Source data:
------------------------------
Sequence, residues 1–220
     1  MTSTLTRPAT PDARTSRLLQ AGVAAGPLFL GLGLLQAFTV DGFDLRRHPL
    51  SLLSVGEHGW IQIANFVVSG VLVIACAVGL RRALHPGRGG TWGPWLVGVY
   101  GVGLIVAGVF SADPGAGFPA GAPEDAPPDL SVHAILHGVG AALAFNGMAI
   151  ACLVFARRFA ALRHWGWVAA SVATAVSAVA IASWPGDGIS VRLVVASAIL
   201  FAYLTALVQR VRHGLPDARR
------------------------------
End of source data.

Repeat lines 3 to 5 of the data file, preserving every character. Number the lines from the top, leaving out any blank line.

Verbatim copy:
    51  SLLSVGEHGW IQIANFVVSG VLVIACAVGL RRALHPGRGG TWGPWLVGVY
   101  GVGLIVAGVF SADPGAGFPA GAPEDAPPDL SVHAILHGVG AALAFNGMAI
   151  ACLVFARRFA ALRHWGWVAA SVATAVSAVA IASWPGDGIS VRLVVASAIL